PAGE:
Maximum in the Middle: Nonlinear Response of Microbial Plankton to Ultraviolet Radiation and Phosphorus
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AutorMedina-Sánchez, Juan Manuel; Delgado Molina, José Antonio; Bratbak, Gunnar; Bullejos Carrillo, Francisco José; Villar Argaiz, Manuel; Carrillo Lechuga, Presentación
Public Library of Science (PLOS)
High mountain lakeSolar UV radiationFoodAquatic ecosystemsClimate changeBacterial activityPelagic ecosystemOrganic matterInland watersAlgal control
Medina Sánchez, J.M.; et al. Maximum in the Middle: Nonlinear Response of Microbial Plankton to Ultraviolet Radiation and Phosphorus. Plos One, 8(4): e60223 (2013). [http://hdl.handle.net/10481/30696]
PatrocinadorThis research was supported by Junta de Andalucía (Excelencia P07-CVI-02598 to PC, and P09-RNM-5376 to JMMS), the Spanish Ministries of Medio Ambiente, Rural y Marino (PN2009/067 to PC) and Ciencia e Innovación (GLC2008-01127/BOS and CGL2011-23681 to PC), the ERC Advanced Grant project number 250254 “MINOS” (to GB), and two Spanish government grants (to JADM and FJB).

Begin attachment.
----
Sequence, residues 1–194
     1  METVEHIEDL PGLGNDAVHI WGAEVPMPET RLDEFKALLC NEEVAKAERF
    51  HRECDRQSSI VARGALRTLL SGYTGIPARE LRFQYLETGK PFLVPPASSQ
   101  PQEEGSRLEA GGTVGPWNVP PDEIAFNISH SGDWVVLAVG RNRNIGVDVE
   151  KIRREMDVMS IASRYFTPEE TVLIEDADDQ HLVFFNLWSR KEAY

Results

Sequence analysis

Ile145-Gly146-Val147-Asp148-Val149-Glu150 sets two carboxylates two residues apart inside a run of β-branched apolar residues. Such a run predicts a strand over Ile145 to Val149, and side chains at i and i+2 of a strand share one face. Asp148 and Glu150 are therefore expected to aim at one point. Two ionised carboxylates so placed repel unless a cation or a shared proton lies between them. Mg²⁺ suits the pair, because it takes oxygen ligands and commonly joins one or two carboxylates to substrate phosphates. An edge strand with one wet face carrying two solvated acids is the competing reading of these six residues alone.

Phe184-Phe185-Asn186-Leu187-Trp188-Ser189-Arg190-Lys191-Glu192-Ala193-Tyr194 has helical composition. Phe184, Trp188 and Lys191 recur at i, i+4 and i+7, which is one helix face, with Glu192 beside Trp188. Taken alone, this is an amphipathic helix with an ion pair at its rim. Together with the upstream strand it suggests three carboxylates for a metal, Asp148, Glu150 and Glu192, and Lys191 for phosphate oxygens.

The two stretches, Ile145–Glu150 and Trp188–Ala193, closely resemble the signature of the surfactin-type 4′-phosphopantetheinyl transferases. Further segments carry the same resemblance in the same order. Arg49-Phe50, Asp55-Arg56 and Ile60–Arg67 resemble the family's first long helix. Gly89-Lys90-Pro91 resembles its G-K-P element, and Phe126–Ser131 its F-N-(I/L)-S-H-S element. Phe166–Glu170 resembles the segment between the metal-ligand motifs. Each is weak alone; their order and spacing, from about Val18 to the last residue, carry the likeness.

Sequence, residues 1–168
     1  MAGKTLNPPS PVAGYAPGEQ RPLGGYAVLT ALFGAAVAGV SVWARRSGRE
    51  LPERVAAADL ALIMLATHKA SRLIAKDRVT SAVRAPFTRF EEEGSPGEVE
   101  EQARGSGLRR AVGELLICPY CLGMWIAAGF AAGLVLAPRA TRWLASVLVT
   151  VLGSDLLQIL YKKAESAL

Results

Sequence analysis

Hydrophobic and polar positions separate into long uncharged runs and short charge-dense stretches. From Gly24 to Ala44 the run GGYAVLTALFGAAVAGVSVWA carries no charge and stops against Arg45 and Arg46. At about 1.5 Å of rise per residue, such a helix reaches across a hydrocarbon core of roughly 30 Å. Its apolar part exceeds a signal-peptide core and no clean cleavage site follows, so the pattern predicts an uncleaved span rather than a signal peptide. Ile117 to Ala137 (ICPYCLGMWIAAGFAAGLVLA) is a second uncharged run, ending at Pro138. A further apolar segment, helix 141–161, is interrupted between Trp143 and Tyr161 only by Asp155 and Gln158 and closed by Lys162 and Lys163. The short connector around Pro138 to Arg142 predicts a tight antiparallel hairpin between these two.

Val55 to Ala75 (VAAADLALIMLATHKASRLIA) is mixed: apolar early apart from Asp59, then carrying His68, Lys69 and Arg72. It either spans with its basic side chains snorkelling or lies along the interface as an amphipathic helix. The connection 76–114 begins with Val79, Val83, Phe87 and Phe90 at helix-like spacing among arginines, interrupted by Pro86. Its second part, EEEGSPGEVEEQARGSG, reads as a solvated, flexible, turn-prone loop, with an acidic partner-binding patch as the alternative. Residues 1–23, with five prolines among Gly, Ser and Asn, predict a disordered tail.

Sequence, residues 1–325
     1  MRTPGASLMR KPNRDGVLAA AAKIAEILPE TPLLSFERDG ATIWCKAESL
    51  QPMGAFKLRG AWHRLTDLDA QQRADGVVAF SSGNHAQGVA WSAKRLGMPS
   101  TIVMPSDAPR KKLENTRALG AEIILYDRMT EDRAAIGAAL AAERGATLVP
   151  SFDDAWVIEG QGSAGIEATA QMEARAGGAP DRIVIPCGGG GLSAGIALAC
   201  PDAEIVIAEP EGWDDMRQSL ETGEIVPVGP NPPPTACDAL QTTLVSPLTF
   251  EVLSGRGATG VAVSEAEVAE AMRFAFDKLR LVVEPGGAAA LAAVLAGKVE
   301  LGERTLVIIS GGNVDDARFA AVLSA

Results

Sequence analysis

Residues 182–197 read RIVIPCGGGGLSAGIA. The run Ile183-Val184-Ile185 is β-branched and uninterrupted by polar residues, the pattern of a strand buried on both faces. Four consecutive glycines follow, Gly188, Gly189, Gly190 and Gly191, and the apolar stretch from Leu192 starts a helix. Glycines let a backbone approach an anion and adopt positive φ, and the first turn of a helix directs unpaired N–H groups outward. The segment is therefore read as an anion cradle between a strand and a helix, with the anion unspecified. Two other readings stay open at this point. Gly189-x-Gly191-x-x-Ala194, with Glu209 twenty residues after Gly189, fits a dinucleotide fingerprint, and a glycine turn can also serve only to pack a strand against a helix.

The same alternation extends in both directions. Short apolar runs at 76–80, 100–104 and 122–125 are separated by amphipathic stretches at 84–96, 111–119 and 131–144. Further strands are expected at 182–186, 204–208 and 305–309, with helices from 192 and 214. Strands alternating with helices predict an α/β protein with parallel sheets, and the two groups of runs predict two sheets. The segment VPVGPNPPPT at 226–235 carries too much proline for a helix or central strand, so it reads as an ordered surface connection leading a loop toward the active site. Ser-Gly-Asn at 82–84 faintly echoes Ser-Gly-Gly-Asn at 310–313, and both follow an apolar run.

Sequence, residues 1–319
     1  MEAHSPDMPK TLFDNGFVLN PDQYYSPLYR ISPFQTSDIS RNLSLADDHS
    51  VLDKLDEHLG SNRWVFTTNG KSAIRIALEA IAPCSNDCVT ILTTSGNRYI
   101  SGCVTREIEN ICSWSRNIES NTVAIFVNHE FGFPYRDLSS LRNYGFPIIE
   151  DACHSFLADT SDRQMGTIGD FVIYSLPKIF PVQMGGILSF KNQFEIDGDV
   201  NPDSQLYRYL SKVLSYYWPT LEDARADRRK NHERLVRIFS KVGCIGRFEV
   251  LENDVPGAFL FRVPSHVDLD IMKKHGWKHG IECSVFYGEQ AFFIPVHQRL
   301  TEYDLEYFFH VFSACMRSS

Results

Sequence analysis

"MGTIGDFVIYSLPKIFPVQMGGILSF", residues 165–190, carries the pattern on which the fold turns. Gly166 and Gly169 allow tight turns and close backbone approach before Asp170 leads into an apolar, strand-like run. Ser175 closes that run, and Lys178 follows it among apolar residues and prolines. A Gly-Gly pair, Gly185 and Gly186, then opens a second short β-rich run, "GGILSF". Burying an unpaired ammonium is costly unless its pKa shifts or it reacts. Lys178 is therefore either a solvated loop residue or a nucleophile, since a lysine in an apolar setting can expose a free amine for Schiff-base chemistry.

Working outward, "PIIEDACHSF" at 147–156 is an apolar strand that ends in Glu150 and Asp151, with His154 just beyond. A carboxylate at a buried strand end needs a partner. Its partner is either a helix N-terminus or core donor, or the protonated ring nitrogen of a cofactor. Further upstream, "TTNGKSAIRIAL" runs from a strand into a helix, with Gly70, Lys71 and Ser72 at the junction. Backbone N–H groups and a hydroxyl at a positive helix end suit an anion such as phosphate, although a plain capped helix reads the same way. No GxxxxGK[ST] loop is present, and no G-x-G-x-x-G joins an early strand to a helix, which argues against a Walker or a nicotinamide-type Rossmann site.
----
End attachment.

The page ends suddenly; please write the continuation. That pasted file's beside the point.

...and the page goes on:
The responses of heterotrophic microbial food webs (HMFW) to the joint action of abiotic stressors related to global change have been studied in an oligotrophic high-mountain lake. A 2×5 factorial design field experiment performed with large mesocosms for >2 months was used to quantify the dynamics of the entire HMFW (bacteria, heterotrophic nanoflagellates, ciliates, and viruses) after an experimental P-enrichment gradient which approximated or surpassed current atmospheric P pulses in the presence vs. absence of ultraviolet radiation. HMFW underwent a mid-term (<20 days) acute development following a noticeable unimodal response to P enrichment, which peaked at intermediate P-enrichment levels and, unexpectedly, was more accentuated under ultraviolet radiation. However, after depletion of dissolved inorganic P, the HMFW collapsed and was outcompeted by a low-diversity autotrophic compartment, which constrained the development of HMFW and caused a significant loss of functional biodiversity. The dynamics and relationships among variables, and the response patterns found, suggest the importance of biotic interactions (predation/parasitism and competition) in restricting HMFW development, in contrast to the role of abiotic factors as main drivers of autotrophic compartment. The response of HMFW may contribute to ecosystem resilience by favoring the maintenance of the peculiar paths of energy and nutrient-mobilization in these pristine ecosystems, which are vulnerable to threats by the joint action of abiotic stressors related to global change.